Propelled by devotion to mentoring, experience as a research revolutionary and an abiding compassionate, Allen J. Taylor, MD, FACC, FAHA, MedStar’s Georgetown University Hospital’s chief of Cardiology, moves through his days edifying Georgetown University.
On any given day, Allen J. Taylor, MD, FACC, FAHA can be found wearing his trademark bowtie and white coat, moving purposefully through MedStar’s Georgetown University Hospital from patient consultations to rounds to meetings in his windowed office.
On a spring morning, three weeks away from the end of the academic year, the hospital’s chief of Cardiology is focused on a first-year student from Georgetown’s School of Medicine.
Peter Nguyen, 23, is seeking Taylor’s guidance to design his independent research requirement so that he can devote much of the summer to a summary assessment of meta-analysis on numerous small studies on the safety of cardiac tests before liver transplant.
Taylor’s office clock is a rendition of a 42 cent stamp: a small figure running gracefully under the weight of a huge red heart, the valentine kind, nothing anatomically correct. On Taylor’s desk is a plaque that reads “Born to golf, forced to work.”
On the wall is a framed magazine advertisement for Philip Morris tobacco that is at least seventy years old. It proclaims: “What Distinguished Doctors Found on Comparing Cigarettes.”
Quips Taylor; “I wonder what the undistinguished doctors found?”
Rites of Passage
A renowned cardiologist and clinical researcher, specializing in cardiovascular imaging and prevention, Taylor is warm, funny and generous with his time. Clearly, he believes deeply in mentoring.
“I’m mentoring him [Nguyen] because he’s interested. You honor the interest with time whether it’s students, colleagues or junior faculty. It’s a chain of responsibility. We have all gotten where we are because of it,” Taylor says. “It’s a rite of passage, if you will. It’s the mentorship process. It’s the circle of life.”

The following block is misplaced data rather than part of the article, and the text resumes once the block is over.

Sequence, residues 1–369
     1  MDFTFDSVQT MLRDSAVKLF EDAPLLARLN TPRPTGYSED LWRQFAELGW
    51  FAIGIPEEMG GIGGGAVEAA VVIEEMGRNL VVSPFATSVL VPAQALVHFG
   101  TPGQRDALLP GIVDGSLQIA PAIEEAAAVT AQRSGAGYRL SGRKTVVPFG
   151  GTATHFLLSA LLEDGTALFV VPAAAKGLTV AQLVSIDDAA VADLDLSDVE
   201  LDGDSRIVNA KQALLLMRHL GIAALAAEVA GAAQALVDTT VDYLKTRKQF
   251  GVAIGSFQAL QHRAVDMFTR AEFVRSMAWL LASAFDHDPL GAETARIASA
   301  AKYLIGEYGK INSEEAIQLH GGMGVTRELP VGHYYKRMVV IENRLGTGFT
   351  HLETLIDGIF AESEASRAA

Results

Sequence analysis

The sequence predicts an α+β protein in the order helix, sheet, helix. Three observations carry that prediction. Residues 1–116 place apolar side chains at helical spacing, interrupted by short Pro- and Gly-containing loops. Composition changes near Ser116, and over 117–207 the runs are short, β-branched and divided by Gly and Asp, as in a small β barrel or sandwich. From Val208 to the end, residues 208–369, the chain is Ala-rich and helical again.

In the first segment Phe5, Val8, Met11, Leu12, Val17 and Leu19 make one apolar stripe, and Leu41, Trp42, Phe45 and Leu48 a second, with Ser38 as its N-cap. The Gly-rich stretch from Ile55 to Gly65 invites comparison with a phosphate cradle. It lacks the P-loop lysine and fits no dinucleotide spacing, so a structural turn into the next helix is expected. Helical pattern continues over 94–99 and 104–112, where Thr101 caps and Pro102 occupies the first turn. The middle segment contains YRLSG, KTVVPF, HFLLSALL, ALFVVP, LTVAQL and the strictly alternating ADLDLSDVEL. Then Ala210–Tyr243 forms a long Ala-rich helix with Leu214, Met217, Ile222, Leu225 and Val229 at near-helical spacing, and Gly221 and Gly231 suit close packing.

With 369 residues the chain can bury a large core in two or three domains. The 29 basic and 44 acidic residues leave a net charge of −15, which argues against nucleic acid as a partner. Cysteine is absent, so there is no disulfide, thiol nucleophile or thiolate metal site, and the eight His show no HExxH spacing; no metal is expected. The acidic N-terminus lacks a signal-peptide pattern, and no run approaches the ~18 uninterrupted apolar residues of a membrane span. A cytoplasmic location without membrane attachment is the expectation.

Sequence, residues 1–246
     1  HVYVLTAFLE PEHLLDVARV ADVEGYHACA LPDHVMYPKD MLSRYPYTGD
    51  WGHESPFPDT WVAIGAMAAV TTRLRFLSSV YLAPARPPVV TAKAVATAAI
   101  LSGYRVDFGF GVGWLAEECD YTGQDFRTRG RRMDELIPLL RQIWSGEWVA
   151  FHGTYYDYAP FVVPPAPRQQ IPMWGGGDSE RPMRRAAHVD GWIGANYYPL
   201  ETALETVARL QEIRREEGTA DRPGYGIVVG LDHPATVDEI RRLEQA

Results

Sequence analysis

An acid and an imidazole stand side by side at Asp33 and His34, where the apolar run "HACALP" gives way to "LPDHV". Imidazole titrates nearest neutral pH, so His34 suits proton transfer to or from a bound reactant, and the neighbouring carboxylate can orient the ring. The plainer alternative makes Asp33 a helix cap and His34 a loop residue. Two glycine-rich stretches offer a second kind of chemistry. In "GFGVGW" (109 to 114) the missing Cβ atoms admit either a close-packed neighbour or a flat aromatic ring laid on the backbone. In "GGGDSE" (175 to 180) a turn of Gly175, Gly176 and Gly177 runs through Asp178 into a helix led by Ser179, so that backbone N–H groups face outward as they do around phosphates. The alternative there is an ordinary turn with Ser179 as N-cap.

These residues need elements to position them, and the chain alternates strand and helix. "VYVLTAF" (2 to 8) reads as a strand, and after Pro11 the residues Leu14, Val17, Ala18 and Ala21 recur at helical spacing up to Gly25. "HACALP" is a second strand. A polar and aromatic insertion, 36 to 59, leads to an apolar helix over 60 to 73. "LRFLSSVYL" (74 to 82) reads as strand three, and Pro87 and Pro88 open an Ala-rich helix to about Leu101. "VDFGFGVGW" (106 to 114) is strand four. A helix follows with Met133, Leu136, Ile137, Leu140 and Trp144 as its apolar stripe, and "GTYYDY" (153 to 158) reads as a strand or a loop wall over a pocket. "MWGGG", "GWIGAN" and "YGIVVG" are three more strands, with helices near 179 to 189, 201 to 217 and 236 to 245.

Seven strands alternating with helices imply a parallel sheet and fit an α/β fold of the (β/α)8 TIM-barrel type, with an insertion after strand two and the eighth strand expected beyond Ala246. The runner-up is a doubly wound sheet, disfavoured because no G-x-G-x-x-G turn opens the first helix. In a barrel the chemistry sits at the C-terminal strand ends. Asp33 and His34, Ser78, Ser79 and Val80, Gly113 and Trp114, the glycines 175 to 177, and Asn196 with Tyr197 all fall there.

During a 20-year career in the United States Army at Walter Reed, Taylor rose to the rank of Colonel. He served as the director of Cardiovascular Research, director of the Cardiovascular Disease Training Program, and chief of the Cardiology service. He was decorated with the prestigious Legion of Merit for his distinguished body of work.
Taylor retired from military service in 2008 and came to Georgetown. In addition to his professorship at Georgetown, he also is a professor of medicine at the Uniformed University of the Health Sciences in Bethesda.
A Research Revolution
Taylor has accomplished major research breakthroughs during his career, including defining the role of lipid lowering therapy on carotid atherosclerosis, with a particular focus on HDL cholesterol and the use of niacin.
His pioneering work in the field of cardiac CT – or cat scans -- includes conducting long term prospective outcomes trials, randomized clinical trials on the utility of the technique, and methods to enhance the safety and appropriateness of cardiovascular imaging.
Taylor also has helped foment and witnessed first-hand a revolution in diagnostic imaging techniques that spare the patient physical invasion, pain, risk, scarring and trauma.